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The Bungalow in the York River

February 17th, 2017 Sears Homes 3 comments

Bunny Trails: They’re one of the best parts of doing historical research. And while researching Penniman, Virginia, I read newspaper accounts from Pennimanites, talking about a house “sitting on stilts” in the York River.

And while systematically reading through every single page (from 1916 to 1925) of the Newport News Daily Press, I found this gem: “[John Ross] Built His House On the Waters” (September 1922).

It was an indepth article about John’s home in the York River. And then last month, it got even better when Carolyn Willis contacted me through this website, and shared some pictures from a family photo album of Joseph and Ola Whisnant. She’d found the word “Penniman” on the old snapshots, but didn’t know exactly what a Penniman was - until she googled the word.

Carolyn’s photos showed me pictures of day-to-day life within Penniman, and provided an incredible peek of life inside the village. Each of the 22 pictures was a treasure, and I’m so grateful that Carolyn found me, and was willing to share those pictures.

The article in the Daily Press said,

John E. Ross is wiser than the man who ‘built his house on the sands,’ as related in the Bible, to have it destroyed when the winds came. The windws may come, storms may kick up a sea in the York River, and the ice-packs of winter may crunch and grind around his abode, but it will stand the buffeting of every day assaults that nature can make. At least it has done so for years past and appears to be as firm and safe as when first it rose above the waters…Mr. Ross and his family live in happiness and security in one of the oddest abodes in this section.

Mr. Ross is a well-to-do oyster planter and located near here years ago. He conceived the idea of building a bungalow on stilts in the York River, far enough out to escape the discomforts on inshort. Pilings were sunk and upon this structure arose the neat little house that has long been the home of his family. He solved the water problem by sinking a deep artesian well and has one of the best over-flow wells in this section. A fast motor boat tired up at the foot of a pair of steps leading down in the water solves the transportation problem.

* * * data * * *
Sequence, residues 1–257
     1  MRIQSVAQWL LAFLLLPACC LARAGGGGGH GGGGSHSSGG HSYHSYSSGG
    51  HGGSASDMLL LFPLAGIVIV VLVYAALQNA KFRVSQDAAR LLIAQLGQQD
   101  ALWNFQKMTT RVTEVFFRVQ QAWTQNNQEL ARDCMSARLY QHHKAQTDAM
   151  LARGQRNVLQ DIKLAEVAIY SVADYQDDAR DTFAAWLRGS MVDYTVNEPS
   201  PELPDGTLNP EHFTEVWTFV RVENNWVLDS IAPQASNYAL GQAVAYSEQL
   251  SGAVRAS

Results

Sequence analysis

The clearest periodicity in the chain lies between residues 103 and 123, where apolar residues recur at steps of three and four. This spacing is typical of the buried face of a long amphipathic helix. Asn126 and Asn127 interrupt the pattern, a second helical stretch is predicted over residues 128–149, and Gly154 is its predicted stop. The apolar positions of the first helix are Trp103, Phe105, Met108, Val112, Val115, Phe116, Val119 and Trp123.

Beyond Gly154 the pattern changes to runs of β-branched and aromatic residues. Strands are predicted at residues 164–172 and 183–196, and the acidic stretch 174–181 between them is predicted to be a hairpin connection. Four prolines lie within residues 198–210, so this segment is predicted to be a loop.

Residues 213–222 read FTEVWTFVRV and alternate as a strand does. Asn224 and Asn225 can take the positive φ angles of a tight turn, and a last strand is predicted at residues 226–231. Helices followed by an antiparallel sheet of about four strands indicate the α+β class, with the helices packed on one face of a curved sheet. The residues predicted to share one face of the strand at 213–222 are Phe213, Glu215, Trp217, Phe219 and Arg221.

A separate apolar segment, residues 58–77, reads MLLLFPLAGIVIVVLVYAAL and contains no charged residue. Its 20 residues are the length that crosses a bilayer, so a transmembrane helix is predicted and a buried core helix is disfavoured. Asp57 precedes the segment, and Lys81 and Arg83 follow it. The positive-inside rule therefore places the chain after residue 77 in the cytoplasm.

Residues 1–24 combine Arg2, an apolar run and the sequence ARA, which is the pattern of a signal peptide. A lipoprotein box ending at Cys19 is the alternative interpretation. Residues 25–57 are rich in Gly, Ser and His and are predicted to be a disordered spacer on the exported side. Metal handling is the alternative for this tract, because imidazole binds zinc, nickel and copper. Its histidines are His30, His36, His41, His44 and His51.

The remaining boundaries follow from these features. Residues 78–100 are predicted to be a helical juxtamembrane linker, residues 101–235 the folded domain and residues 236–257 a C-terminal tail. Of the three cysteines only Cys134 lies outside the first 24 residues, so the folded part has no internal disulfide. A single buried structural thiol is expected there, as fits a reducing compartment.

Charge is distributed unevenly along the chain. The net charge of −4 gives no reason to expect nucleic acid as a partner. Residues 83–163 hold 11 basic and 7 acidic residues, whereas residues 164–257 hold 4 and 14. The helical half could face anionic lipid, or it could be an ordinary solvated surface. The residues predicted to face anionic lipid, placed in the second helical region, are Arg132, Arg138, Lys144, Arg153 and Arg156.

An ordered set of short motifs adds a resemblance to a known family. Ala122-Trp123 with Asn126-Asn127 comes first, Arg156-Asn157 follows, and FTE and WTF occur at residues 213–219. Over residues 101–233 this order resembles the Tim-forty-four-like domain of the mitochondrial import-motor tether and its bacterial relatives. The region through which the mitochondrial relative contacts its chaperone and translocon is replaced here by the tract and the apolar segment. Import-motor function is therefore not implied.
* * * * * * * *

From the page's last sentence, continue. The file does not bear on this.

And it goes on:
The Ross home, located almost at the mouth of King’s Creek, several hundred yards out in the water, is one of the most unique in this section and never fails to attract attention from visitors. It is just off Penniman. Probably 20 feet off water is to be had the house, and all all Mr. Ross has to do when he wants fresh fish for a meal is to drop a line out the kitchen window and wait for a bite.

They live happily in peaceable surroundings, not disturbed even by their neighbors’ chickens (September 8, 1922).

A local genealogist found this additional information on John Ross: John Edward Ross left this house sometime in the 1920s and in 1930, he was living at 24 Channing Avenue (the Cradock section of Portsmouth). In 1910, he was a widow with a child and living with his father. By 1920, John, wife Grace and 16 year son Edward Ross (by John’s 1st wife) were living on the York River.

The Hurricane of 1933 destroyed a tremendous amount of property along the York River, and this bungalow on stilts was surely one of the houses that became flotsam.

Thanks to Carolyn and the family of Joseph and Ola Whisnant for the pictures shown below.

Learn more about Penniman here.

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Hagley Panoramic

The panoramic image of Penniman shows a house out in the York River, not far from the Penniman Spit. Image is courtesy Hagley Museum and Library.

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Hagley Panoram

A close up of the "bungalow on stilts." Hagley Museum and Library.

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Permission Carolyn Something

Here's a picture of John's house on the York River. According to the "Daily Press," it's at "the mouth of King's creek, several hundred yards out in the water, and is one of the most unique in this section. It's just off Penniman." Thanks again to Carolyn Willis for sharing this image. Photos are the courtesy of the family of Joseph and Ola Whisnant.

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House in Nansemond

I've never seen anything like the John Ross house but there is a duck-hunting club sitting in the middle of the Nansemond River. I took this photo from the bridge that spans the Nansemond River on an early Sunday morning as I drove to church in Suffolk. Fortunately, there were no cars behind me.

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Bungalow in the York

Close-up of the duck-hunting club in the Nansemond River. I am curious as to how this building handles the discharge of waste.

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Do you know of any houses built in the middle of a river? Please send photos. I’d ask for an address, but that would be problematical.

Learn more about Penniman here.

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